Lunging (also spelled longeing) is an excellent way to school and exercise your horse. You will need a lunge line and a lunge whip. Side reins can be attached from the saddle to the bridle or to a surcingle to provide extra control. It is best to teach both yourself and your horse how to use a lunge line in a round pen or arena until you both get used to it.
Other common articles of horse clothing and horse riding equipment include leg wraps, hoof boots, and splint boots to protect vital legs and hooves. Crops, bats, whips, and spurs are useful training aids when used responsibly. Stirrup leathers and pads tend to wear out and should be checked for damage regularly. Stirrup irons, however, tend to last longer than most riders!
A breastplate can protect your horse. Standing, running, and breastplate martingales are useful pieces of riding equipment, especially if your horse tends to toss his head as you ride. There are many little pieces of horse riding equipment sand horse clothing that can make a big difference in the time you spend at the barn and with your horse, making the work easier, the training more productive, and the riding more enjoyable.
Taking Care Of Your Horse Riding Equipment
Most horse riding equipment is made of leather, which means it must be kept clean and oiled. Sweat, mud, water, and dirt are best removed from your leather horse riding equipment as soon as possible. Taking good care of your horse riding equipment means regularly cleaning your tack with glycerin or saddle soap and moisturizing with mink oil or some other leather treatment. This will prevent cracks and splits that always seem to occur at the worst possible moment. Well-made leather horse riding equipment will last a good long while only if it is properly cared for.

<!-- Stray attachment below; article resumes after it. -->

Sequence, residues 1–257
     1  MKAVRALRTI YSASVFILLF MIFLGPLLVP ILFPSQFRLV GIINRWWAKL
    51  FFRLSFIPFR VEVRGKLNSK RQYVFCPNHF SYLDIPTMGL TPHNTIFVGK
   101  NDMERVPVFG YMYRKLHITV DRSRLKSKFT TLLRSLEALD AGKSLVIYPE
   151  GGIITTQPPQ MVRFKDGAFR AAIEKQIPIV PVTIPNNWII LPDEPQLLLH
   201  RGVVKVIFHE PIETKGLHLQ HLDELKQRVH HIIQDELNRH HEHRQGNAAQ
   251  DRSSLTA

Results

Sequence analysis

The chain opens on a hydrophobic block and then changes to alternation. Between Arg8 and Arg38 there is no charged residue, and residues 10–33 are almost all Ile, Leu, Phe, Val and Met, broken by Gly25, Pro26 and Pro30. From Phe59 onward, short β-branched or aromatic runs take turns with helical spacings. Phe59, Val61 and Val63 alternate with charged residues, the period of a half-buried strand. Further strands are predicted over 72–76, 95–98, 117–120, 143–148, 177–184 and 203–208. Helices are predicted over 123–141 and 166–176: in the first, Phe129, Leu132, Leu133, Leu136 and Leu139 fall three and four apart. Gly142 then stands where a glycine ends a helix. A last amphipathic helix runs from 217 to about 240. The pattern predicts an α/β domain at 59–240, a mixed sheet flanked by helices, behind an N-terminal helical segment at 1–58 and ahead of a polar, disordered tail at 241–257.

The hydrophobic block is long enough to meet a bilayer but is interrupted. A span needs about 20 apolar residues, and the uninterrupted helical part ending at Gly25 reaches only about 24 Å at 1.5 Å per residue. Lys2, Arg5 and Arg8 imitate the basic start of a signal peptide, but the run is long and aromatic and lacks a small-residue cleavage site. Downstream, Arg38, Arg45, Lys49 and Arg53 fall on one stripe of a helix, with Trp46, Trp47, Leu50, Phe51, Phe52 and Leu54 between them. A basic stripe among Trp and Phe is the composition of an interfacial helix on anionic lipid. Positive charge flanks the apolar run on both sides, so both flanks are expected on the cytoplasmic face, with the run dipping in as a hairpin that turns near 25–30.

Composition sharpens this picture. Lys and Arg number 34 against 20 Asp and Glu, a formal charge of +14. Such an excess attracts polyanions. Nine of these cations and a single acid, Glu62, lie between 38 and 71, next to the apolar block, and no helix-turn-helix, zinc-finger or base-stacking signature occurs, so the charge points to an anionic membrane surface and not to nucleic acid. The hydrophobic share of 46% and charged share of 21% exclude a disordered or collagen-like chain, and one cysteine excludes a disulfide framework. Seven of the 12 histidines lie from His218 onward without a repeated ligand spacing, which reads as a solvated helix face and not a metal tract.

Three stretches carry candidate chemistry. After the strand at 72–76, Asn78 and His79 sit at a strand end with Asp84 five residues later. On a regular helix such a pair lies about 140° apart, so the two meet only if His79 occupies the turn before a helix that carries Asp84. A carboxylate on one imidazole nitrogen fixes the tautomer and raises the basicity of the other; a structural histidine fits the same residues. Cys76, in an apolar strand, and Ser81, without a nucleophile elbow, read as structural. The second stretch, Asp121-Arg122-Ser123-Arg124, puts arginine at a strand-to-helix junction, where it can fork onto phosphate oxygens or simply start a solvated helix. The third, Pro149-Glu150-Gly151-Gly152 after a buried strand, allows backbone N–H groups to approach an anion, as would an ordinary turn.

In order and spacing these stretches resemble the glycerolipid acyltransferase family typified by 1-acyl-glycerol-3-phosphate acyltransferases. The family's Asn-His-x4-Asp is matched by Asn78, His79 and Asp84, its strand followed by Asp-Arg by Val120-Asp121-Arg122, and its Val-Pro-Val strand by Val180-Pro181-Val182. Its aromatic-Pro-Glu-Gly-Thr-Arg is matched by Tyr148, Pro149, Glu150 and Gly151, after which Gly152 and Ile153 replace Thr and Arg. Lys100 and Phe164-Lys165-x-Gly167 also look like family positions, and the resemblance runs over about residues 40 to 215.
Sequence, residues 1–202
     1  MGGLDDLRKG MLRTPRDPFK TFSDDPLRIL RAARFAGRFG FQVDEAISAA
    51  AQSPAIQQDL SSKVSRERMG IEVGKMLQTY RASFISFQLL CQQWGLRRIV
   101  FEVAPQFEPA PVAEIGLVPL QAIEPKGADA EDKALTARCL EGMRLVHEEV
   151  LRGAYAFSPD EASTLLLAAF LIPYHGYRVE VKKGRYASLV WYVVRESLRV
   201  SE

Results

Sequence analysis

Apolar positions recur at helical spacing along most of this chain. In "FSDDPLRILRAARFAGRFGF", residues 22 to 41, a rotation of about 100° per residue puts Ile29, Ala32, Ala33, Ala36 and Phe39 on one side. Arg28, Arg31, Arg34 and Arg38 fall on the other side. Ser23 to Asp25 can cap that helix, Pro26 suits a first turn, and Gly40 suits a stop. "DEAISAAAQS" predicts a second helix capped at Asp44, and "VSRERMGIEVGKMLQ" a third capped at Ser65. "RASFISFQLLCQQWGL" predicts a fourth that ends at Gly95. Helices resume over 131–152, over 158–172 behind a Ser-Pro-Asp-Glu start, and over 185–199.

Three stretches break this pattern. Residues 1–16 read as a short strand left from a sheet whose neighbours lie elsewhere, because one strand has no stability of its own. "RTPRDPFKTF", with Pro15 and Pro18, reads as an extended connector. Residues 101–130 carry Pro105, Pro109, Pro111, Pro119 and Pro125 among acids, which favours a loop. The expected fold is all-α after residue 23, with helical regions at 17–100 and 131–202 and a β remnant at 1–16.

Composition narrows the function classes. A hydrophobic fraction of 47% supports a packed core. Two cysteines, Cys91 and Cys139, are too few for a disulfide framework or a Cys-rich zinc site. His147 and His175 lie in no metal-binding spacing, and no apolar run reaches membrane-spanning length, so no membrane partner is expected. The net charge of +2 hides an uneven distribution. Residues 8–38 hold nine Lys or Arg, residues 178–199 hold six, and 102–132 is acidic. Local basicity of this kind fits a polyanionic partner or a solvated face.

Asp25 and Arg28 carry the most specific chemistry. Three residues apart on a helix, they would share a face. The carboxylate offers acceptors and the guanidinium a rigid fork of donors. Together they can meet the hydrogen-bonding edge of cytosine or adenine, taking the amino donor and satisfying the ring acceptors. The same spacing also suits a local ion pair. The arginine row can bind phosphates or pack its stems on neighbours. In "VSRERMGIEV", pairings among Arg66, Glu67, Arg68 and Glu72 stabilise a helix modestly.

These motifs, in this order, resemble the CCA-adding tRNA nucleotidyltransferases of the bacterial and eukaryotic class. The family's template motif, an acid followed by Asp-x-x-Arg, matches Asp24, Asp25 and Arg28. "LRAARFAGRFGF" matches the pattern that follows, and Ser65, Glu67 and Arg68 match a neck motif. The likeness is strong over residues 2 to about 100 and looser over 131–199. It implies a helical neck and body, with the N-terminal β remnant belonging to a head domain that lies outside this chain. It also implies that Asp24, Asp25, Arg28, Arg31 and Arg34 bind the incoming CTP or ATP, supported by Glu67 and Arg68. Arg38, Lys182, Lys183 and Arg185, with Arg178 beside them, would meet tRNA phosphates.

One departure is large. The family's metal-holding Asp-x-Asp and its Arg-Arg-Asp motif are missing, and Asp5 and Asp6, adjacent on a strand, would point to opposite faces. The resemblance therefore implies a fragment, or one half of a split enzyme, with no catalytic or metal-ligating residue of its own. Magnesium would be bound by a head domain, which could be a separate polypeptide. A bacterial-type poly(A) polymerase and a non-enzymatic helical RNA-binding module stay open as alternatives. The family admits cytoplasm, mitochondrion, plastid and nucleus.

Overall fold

A happy horse is far easier and more enjoyable to ride than a fearful, frustrated, tired, or angry horse. Keeping a ready supply of horse treats on hand should always be a part of your standard horse riding equipment. Everyone knows that horses love carrots and apples. In addition to the highly portable but not very durable treats, there are many types of commercially available horse treats that will survive your pocket far better and for longer periods of time. As much as your horse may beg for that sugar cube or other candy products, those sugary treats are just as bad for your horse as they are for you and should be avoided.
Taking the time to shop for and purchase only the highest quality, best fitting horse riding equipment, and horse clothing will ensure that both you and your horse will look and feel your best, both in and out of the arena!